Londoners using a new NHS service offering smartphone consultations with a GP are being advised by doctors living miles from the capital, the Standard has learned.
Babylon Health, the private company running the GP at Hand service, said the majority of its medics worked from home outside London.
It said more than 21,000 patients were now registered to use the service, which launched last November, offering 24/7 video consultations within two hours. Applications were being received “every two minutes”, it said.
The firm employs more than 50 doctors and claims to be inundated with job seekers. Babylon chief executive Ali Parsa said: “For every 10 GPs that apply for a job, we employ one. We employ them right across the country.
“You could be talking to a GP in Reading or the Shires or from South-East England. That allows us to keep our standards of who we have really high. I’m always gobsmacked by the quality of our GPs.”
Dr Matt Noble, medical director at Babylon, said: “GPs come from all over the place and from all walks of life. This is particularly popular for those for whom a traditional surgery life is not a good fit.”
The Standard was invited to its head office in Chelsea, where about 300 people work – many driving its technological innovations.
Patients signing up for GP at Hand are registered at a conventional GP practice in Lillie Road. This, plus four medical hubs in central London, are available for the 10 per cent of patients it says require an in-person consultation.
At present, NHS restrictions only enable people living in zones 1-3 to use GP at Hand. This requires them to leave their “local” GP. Their medical records have to be transferred, which can take one to three weeks, before treatment can be offered.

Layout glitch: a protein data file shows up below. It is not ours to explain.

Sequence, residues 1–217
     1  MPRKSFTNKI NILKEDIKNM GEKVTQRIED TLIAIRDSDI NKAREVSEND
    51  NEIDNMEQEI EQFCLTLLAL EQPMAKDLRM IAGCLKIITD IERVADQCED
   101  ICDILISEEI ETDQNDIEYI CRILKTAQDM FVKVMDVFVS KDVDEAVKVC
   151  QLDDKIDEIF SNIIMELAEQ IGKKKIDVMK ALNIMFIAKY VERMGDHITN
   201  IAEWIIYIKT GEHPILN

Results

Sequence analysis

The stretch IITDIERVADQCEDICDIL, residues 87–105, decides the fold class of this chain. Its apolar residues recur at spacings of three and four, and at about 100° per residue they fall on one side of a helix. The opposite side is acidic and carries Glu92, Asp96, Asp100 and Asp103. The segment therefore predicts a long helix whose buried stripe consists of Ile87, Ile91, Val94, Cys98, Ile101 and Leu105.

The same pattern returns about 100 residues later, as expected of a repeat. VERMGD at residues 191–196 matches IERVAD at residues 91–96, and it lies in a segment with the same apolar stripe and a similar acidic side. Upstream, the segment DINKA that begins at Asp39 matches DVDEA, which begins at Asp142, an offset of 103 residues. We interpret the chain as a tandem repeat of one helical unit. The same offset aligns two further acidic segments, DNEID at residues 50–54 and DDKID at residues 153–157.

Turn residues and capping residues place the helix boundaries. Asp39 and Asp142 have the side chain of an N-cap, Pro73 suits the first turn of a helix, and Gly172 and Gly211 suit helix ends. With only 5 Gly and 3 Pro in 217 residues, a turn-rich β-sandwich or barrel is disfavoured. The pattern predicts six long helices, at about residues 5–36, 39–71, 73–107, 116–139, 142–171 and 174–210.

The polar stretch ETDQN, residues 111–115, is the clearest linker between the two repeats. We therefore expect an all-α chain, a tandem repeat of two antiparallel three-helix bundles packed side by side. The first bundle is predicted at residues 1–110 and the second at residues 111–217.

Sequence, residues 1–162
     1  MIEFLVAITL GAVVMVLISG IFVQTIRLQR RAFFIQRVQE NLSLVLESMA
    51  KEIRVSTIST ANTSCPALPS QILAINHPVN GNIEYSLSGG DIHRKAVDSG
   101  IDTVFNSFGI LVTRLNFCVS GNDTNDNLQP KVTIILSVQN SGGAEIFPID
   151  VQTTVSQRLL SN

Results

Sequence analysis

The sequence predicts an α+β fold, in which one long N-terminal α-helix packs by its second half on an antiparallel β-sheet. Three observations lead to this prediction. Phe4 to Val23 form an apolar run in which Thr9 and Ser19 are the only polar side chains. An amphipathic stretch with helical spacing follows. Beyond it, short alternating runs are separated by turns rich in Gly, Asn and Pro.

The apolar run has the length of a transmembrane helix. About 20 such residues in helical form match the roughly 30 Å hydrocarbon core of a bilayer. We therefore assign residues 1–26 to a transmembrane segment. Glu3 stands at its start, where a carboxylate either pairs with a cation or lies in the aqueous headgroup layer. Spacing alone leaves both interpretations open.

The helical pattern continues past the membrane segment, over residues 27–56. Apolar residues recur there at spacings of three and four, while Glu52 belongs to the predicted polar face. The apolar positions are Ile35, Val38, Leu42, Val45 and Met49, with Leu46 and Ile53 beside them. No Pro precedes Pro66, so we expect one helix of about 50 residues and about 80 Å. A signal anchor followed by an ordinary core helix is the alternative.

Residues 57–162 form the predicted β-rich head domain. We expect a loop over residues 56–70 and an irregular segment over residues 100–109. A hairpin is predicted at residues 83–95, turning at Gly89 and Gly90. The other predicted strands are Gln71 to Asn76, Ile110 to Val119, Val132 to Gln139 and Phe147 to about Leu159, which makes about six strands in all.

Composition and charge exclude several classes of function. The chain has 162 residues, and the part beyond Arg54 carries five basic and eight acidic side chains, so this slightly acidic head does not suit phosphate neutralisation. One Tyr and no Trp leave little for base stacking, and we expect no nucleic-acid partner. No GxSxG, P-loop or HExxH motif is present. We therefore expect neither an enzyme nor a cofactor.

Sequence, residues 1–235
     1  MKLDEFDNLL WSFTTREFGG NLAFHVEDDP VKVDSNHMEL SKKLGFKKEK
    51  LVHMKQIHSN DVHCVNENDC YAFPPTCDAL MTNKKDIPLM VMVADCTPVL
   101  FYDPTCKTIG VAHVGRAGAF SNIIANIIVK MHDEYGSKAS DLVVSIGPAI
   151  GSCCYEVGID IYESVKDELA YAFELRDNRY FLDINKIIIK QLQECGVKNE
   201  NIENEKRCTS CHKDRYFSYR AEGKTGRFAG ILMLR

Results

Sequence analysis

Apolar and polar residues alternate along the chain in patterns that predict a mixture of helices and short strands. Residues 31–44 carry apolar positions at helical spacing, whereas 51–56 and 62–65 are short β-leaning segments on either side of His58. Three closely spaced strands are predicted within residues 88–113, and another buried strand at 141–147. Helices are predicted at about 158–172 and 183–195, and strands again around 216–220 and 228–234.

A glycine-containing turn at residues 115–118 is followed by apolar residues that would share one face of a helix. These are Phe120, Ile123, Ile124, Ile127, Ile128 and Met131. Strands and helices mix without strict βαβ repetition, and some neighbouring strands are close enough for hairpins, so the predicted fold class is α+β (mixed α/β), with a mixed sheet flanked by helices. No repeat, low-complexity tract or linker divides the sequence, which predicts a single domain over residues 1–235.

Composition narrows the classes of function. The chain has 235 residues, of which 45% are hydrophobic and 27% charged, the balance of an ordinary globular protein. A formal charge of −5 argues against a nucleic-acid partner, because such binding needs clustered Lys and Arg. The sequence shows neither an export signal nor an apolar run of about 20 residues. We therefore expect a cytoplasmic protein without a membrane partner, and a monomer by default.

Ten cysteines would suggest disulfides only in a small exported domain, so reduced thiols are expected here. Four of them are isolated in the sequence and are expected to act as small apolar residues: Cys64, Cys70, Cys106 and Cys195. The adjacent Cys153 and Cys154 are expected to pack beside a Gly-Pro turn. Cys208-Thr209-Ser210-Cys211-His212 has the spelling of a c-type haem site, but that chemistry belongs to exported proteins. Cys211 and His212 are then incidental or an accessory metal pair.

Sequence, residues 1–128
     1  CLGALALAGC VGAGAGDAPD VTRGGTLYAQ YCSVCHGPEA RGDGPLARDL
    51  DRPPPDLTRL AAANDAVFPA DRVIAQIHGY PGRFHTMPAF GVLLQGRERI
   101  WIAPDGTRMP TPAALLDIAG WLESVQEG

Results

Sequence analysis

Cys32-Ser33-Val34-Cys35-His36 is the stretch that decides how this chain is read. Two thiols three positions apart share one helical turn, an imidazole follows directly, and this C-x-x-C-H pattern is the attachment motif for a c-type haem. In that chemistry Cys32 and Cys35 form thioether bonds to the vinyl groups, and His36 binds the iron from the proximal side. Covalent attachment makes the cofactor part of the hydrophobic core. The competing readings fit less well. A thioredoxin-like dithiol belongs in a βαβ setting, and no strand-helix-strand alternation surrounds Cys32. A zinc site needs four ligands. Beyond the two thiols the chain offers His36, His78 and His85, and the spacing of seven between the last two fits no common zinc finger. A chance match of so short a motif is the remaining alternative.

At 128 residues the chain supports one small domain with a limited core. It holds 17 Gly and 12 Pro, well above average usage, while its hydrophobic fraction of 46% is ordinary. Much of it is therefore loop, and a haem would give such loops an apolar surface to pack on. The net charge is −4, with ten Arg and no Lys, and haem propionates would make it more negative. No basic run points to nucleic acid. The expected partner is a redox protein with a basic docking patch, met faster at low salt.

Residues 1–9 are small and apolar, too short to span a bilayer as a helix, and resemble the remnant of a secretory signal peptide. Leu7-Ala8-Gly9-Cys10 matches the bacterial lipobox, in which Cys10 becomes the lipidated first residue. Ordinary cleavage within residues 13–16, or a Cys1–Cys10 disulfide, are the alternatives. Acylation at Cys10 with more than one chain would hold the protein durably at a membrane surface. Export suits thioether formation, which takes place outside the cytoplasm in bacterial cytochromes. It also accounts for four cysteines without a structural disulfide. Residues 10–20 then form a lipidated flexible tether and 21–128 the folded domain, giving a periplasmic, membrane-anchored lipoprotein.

The service, which is free, is providing about 2,000 10-minute video consultations a week. About 30 per cent are outside conventional 8am-8pm GP opening hours.
One of its GPs, Dr Olivia de Rougemont, said: “I think the people I have consulted with really appreciate the ease and convenience and the fact they don’t have to wait two, three or four weeks for an appointment.
“Most things I can solve on the phone. I can see how sick you look. I can see if you are talking in full sentences, if you look pale, if you look sweaty. I can see rashes and swollen areas.
“Sometimes I ask patients to press certain areas to see what part hurts. I can get the patient to participate in the examination.”
About 15,000 GP at Hand patients are aged 20-39 – sparking concern that conventional surgeries will be left to deal with the elderly and patients with chronic or complex conditions.
Dr Emily Witt, a GP in Kilburn, said: “The idea behind GP at Hand is good. I think it’s important to have innovation in the NHS, and in GP surgeries.
“The problem is that when you register with GP at Hand you are then de-registered with your local GP, and the money then flows to GP at Hand. You can’t look after the sicker people if the money for the well people isn’t there.”
NHS England and Hammersmith and Fulham clinical commissioning group is conducting an indepedent review of GP at Hand before deciding whether to allow it to expand.
Mr Parsa said: “We see absolutely no reason why we cannot serve the whole nation the way we serve London. I have no doubt this is the future of healthcare. The genie is out of the bottle.”
- An edited version of this story appears in tonight’s Evening Standard.